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June 2

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  • russophile2002
    +PAX February 1, June 2, October 2 Chapter 7: On Humility The fourth degree of humility is that he hold fast to patience with a silent mind when in this
    Message 1 of 1 , Jun 2, 2003

      February 1, June 2, October 2
      Chapter 7: On Humility

      The fourth degree of humility
      is that he hold fast to patience with a silent mind
      when in this obedience he meets with difficulties
      and contradictions
      and even any kind of injustice,
      enduring all without growing weary or running away.
      For the Scripture says,
      "The one who perseveres to the end,
      is the one who shall be saved" (Matt. 10:22);
      and again
      "Let your heart take courage, and wait for the Lord" (Ps. 26:14)!

      And to show how those who are faithful
      ought to endure all things, however contrary, for the Lord,
      the Scripture says in the person of the suffering,
      "For Your sake we are put to death all the day long;
      we are considered as sheep marked for slaughter" (Ps. 43:22; Rom.
      Then, secure in their hope of a divine recompense,
      they go on with joy to declare,
      "But in all these trials we conquer,
      through Him who has granted us His love" (Rom. 8:37).
      Again, in another place the Scripture says,
      "You have tested us, O God;
      You have tried us a silver is tried, by fire;
      You have brought us into a snare;
      You have laid afflictions on our back" (Matt. 5:39-41).
      And to show that we ought to be under a Superior,
      it goes on to say,
      "You have set men over our heads" (Ps. 65:12).

      Moreover, by their patience
      those faithful ones fulfill the Lord's command
      in adversities and injuries:
      when struck on one cheek, they offer the other;
      when deprived of their tunic, they surrender also their cloak;
      when forced to go a mile, they go two;
      with the Apostle Paul they bear with false brethren (2 Cor. 11:26)
      and bless those who curse them (1 Cor. 4:12).


      Be careful how you read this fourth step of patience. It is an ideal,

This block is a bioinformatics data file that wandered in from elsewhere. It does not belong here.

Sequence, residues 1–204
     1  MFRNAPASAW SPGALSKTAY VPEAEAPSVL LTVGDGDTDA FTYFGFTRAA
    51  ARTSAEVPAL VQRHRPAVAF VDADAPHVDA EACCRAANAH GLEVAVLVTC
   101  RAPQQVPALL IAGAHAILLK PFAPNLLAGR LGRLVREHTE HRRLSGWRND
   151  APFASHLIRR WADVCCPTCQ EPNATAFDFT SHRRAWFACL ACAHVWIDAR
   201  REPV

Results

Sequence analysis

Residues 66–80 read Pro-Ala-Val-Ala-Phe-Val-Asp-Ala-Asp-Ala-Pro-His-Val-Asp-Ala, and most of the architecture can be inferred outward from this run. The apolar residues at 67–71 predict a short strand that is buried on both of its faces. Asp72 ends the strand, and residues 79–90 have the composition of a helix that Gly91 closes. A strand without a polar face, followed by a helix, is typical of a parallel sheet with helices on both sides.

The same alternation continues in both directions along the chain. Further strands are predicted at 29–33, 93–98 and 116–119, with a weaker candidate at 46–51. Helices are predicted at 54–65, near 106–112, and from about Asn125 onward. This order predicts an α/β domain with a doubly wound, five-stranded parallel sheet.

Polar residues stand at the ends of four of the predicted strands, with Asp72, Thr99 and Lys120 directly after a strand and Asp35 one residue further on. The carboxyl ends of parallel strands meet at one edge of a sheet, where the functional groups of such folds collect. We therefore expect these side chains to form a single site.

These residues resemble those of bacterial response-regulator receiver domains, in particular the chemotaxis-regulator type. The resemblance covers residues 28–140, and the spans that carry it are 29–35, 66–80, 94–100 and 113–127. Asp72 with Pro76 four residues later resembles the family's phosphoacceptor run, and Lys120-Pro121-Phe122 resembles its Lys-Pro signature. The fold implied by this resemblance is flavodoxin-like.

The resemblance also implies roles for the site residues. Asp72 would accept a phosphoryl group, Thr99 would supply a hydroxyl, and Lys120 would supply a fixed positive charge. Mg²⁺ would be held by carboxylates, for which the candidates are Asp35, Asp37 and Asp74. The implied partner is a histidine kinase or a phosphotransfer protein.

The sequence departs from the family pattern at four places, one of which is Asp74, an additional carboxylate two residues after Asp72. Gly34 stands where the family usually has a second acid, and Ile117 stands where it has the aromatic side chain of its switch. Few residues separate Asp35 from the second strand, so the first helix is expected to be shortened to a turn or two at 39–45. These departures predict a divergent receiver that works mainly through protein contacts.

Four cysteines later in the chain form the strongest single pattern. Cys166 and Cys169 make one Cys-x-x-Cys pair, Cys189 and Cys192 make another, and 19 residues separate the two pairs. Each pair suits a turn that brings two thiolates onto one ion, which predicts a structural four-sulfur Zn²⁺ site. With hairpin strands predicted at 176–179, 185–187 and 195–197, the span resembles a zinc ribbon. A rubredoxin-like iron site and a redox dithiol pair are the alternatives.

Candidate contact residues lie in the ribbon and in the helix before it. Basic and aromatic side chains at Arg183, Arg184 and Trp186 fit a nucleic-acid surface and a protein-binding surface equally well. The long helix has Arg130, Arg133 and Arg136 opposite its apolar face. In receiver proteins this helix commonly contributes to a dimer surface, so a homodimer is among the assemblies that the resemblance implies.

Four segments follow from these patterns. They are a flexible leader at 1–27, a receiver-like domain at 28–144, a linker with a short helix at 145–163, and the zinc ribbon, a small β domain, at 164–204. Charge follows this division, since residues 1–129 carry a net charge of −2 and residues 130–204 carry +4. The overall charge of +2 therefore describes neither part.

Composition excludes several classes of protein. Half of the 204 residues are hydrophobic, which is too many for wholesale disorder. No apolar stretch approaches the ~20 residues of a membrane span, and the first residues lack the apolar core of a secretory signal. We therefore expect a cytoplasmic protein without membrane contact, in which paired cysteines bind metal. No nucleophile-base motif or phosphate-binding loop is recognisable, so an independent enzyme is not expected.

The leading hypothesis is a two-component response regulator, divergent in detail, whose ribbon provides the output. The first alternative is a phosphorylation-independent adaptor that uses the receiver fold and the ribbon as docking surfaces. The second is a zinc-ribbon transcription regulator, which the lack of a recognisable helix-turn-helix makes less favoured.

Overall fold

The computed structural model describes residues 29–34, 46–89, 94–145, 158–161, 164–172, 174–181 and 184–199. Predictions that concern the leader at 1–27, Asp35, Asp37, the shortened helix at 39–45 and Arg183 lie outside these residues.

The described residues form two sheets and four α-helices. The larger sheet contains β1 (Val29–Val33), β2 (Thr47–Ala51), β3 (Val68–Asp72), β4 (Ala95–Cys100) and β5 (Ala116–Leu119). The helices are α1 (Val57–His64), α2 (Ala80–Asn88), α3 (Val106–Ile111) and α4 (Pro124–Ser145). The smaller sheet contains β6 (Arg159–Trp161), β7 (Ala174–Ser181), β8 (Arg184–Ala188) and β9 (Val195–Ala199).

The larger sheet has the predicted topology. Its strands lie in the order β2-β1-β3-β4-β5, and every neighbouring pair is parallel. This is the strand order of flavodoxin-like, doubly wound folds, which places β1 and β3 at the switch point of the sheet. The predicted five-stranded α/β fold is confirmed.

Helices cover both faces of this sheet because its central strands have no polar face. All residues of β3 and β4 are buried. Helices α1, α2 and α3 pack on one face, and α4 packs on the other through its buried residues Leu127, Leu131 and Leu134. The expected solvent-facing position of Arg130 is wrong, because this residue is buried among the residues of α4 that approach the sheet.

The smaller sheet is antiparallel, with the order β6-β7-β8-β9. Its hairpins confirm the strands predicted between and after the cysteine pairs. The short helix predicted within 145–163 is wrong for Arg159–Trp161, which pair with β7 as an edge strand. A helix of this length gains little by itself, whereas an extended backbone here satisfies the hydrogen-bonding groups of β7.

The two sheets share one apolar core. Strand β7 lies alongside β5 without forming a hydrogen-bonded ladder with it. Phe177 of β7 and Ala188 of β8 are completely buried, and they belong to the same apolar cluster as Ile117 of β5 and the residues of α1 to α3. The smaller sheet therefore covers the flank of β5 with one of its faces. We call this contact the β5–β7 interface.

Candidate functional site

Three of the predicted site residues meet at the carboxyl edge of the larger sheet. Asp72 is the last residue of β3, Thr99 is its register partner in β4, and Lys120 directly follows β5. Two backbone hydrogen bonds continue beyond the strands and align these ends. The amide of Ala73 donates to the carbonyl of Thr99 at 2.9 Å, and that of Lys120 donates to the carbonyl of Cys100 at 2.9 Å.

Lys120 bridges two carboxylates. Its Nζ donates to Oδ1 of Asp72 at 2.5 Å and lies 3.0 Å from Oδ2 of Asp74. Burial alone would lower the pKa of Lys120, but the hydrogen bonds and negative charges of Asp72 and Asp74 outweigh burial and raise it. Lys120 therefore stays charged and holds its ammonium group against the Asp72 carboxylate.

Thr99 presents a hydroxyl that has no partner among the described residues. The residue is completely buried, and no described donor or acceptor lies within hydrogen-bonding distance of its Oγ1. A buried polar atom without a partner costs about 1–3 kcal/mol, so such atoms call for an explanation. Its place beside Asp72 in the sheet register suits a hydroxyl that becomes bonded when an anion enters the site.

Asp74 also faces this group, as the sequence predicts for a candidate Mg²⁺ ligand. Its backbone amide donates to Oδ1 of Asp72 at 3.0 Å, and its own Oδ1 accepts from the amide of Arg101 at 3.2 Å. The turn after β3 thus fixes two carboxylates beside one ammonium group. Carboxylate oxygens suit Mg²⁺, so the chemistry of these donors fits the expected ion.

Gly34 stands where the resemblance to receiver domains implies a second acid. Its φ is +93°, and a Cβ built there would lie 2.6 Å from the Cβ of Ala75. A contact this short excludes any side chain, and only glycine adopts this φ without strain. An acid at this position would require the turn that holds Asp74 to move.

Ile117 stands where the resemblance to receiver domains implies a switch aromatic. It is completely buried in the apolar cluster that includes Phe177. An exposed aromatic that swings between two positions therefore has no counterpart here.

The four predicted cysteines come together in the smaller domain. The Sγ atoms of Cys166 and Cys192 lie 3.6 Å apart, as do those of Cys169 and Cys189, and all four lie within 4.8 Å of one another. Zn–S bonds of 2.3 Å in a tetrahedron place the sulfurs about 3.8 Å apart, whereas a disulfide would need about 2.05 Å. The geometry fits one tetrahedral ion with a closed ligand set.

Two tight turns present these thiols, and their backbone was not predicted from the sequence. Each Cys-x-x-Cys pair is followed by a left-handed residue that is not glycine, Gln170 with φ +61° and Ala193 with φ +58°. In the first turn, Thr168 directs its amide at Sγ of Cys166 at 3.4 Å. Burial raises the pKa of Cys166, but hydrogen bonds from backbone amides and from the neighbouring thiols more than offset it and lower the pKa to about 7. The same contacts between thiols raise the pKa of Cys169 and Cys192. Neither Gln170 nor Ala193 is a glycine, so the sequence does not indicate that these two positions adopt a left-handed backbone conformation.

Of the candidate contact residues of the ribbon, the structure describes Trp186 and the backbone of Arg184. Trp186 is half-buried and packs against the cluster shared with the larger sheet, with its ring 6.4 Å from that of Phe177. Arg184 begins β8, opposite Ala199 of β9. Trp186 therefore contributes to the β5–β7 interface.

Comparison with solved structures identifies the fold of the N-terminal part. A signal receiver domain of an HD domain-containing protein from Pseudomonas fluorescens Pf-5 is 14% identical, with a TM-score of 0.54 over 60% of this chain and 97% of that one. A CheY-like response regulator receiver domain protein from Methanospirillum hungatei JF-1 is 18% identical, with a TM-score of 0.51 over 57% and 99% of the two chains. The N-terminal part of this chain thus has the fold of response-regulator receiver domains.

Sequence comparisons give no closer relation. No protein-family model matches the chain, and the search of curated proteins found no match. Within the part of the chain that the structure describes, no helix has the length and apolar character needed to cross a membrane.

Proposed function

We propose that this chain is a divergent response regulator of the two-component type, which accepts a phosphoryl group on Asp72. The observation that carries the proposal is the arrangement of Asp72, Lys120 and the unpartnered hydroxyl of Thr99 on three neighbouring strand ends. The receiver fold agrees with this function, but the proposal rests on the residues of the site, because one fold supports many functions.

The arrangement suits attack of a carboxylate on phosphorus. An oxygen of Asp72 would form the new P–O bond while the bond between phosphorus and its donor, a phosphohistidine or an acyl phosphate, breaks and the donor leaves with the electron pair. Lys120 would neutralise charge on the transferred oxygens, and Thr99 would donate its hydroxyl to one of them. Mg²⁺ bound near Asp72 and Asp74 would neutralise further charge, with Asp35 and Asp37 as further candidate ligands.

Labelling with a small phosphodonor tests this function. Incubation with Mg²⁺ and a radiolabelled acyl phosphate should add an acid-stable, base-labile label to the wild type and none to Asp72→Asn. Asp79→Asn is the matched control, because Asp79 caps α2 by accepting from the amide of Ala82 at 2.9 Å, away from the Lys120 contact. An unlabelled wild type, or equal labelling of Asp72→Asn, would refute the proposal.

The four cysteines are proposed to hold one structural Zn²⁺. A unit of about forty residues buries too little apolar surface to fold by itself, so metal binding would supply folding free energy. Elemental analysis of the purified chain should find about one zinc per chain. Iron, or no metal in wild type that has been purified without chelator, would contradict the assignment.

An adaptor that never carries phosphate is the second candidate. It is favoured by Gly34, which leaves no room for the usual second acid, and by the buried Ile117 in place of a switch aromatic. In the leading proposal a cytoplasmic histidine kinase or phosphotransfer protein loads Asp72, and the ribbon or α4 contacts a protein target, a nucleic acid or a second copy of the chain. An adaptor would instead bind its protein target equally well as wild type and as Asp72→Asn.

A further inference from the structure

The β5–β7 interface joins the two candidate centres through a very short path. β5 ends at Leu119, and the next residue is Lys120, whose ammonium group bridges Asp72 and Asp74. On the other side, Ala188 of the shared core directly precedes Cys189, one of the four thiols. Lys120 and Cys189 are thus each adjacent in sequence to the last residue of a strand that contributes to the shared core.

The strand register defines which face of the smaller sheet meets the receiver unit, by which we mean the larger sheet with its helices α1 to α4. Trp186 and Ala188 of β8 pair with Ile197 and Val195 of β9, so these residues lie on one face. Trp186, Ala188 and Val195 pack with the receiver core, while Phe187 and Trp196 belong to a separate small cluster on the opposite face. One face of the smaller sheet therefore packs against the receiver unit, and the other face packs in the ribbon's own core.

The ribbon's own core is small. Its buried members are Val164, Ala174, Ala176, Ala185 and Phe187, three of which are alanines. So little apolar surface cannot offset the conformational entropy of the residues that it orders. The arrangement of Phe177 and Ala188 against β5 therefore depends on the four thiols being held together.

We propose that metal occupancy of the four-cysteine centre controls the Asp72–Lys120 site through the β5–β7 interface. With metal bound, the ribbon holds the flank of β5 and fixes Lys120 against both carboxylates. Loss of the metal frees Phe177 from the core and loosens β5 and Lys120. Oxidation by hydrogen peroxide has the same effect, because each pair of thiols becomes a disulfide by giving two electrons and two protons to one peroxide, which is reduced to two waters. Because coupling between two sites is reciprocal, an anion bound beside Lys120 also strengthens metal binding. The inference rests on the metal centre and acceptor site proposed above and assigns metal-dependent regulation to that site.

presented in its most flawless form. The danger for schleps like me
      is that it can give one an image of a perfect, 1950's sitcom Mom:
      shirt dress and pearls, cookies and milk always forthcoming in a
      kitchen as clean as a surgical suite and never a hair out of place.
      Full make-up on rising and wears hat and matching gloves to shop.
      PUHLEEEZE! That would make one gag and retch. Real patience in action
      is not at all like that.

      Patience in action is a fierce struggle. Never think it's easy for
      others and there is therefore something wrong with you: it isn't easy
      for anyone. One of the biggest flaws of the "I'm OK and you are
      not..." school of ministry is that it makes people think exactly
      this. "It's easy for her and there's something terribly wrong with
      me." Neither is true.

      Please drop that TV image of perfect models, who flit from flower to
      flower in life beamingly, fraught with about as much stress as a
      butterfly in a climate-controlled greenhouse in full bloom. That
      image will harm you. The Holy Rule and most of Scripture were not
      written for such brainless, clueless potted plants. They were written
      for real, average people, halt and lame, battle-scarred plodders like
      you and me, for people who have weathered life, but barely. Honey,
      there may be cookies and milk, but you'll probably have to get the